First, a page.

Boy, 9, Delivers His Baby Sister

When 28-year-old Jennifer Ajmal went into labor Feb. 14, she quickly paged her sister to drive her to the hospital and telephoned her mother to watch her three little boys.

But as the single mom found out, the baby was in a hurry, and she was already too late to get to the hospital. At that point, Ajmal's 9-year-old son, Christian Alarcon, took charge and called 911.

"My mom's having a baby and she needs help right now," the boy told the emergency dispatcher at the fire department.

But help didn't come in time. Within minutes, Christian was delivering his 9-pound, 1-ounce baby sister himself. At 1:44 a.m. on Valentine's Day, his little sister emerged from his mother's womb.

"Wet. Blood all over it," Christian said, describing the newborn. "No teeth. Little. Cute. Stuff like that."

For all involved, the delivery was a white-knuckled ride. Ajmal was home alone with three young sons, Christian, 6-year-old Michael and 2-year-old David, when her contractions started around 1:14 a.m. She showered and got the boys ready to go to their grandmother, but as Ajmal headed for the bathroom about 15 minutes later, she felt the baby's head crowning and had to lie on the floor.

On his own, Christian dialed 911. The dispatcher, John Holmes, could hear the mother screaming in the background.

"Her screaming rattled me," said Holmes, who works for the Victorville Fire Department. "Definitely, my adrenaline level was pretty high."

‘Mom! Relax! Relax!’

When Christian first got on the phone, Holmes asked the boy if he could see the baby, but all Christian could see was his mother's pain.

"No. But she's hurting bad!" Christian said during the 911 call.

"Yeah, I know she's hurting," Holmes said. "But you can now tell her to try and relax."

"Mom! Relax! Relax!" Christian shouted, then said, "She can't!"

For Ajmal, the stress of childbirth was compounded by the fact that she was home alone with her sons and feared for them.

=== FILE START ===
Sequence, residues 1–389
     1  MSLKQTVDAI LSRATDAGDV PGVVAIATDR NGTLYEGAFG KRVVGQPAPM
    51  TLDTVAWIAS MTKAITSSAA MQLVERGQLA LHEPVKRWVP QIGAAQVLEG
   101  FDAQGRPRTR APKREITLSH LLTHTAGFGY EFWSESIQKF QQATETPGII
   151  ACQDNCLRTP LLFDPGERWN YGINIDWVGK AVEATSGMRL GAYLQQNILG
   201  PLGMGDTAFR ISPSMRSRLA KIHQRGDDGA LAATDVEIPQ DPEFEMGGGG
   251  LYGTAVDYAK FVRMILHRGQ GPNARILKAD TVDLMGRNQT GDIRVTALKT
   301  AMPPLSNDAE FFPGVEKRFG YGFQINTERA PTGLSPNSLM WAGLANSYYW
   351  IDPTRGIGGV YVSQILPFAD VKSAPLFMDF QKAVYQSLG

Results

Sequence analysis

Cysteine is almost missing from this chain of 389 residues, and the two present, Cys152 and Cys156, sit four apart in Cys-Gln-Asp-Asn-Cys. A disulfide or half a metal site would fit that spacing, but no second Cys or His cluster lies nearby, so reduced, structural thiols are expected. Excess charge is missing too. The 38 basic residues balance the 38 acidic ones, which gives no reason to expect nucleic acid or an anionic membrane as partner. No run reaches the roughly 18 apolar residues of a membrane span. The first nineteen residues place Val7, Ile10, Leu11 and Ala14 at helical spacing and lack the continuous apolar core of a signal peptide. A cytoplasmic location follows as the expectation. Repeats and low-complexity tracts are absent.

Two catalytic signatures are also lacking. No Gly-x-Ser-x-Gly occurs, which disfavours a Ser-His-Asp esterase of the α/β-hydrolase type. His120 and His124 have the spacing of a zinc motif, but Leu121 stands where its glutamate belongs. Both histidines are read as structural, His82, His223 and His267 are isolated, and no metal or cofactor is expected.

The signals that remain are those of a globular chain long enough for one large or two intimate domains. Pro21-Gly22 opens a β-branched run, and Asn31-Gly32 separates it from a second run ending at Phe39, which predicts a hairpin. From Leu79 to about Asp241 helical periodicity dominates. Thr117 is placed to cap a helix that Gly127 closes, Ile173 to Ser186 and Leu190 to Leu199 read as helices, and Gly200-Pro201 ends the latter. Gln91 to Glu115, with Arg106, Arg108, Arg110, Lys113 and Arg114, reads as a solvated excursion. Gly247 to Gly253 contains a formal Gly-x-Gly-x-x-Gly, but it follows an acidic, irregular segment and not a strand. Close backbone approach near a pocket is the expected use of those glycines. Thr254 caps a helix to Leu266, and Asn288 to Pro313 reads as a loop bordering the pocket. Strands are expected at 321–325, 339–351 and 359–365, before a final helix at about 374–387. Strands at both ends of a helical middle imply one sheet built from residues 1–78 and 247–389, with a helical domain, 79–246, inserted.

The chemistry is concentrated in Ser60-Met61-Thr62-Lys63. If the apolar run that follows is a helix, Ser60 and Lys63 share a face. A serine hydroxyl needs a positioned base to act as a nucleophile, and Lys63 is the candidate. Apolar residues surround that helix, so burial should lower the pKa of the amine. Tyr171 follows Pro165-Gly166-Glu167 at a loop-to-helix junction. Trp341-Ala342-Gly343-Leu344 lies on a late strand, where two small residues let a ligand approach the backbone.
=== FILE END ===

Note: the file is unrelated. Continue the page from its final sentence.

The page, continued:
"I was in shock. I was in pain," she recalled. "I was more scared for my boys. I did not want them to see their mother go through this and be helpless on the floor."

‘Will She Bite Me?’

The other children were scared, but Christian was able to calm them while he stayed on the line with the dispatcher. Christian watched as the baby's head emerged.

"Now what?" he asked. He followed the dispatcher's instruction to put his finger in the baby's mouth to clear it — but not without some trepidation.

"Will she bite me?" Christian asked.

"No, she won't bite you," Holmes said. "OK, clear out anything that you see — any kind of icky stuff."

Christian was uncertain but he did it.

"I don't know, I'm not a doctor," the 9-year-old said.

"I know, you're doing fine," Holmes assured him.

Enter the Paramedics

At that point, Ajmal was drained, but aware of what was going on.

"I looked up," the mother recalled. "I was completely exhausted."

Then Ajmal got on the phone with Holmes herself, and he instructed her on how to clear the baby's nose and mouth. She couldn't reach over to grab the baby, but she did see Christian clearing fluid from the baby's mouth with his fingers. Then Ajmal took the baby, finished the clearing, and heard the baby cry.

"My worry was having the paramedics get there as soon as they could," Holmes recalled. When they did arrive, Christian was still on the phone with Holmes, and was surprised to hear the doorbell.

"Oh shoot! They're here," he cried. At that point, Holmes got off the phone with the young boy.

"You really did a really good job, OK," Holmes told Christian before he hung up.

His classmates school wrote Christian letters of congratulations, calling him a hero.

A week later, Holmes met Christian and his mom at their home.

"You sure were a big help that night," Holmes said. "You've very brave. Kinda cool, huh?"

"Yeah," Christian replied.

His sister, Jenese Love Alarcon, is doing fine, and so is her mom. Ajmal is looking on the bright side of the harrowing ordeal her young sons witnessed.

"Now they know where babies come from," Ajmal said. "I can't lie about it anymore."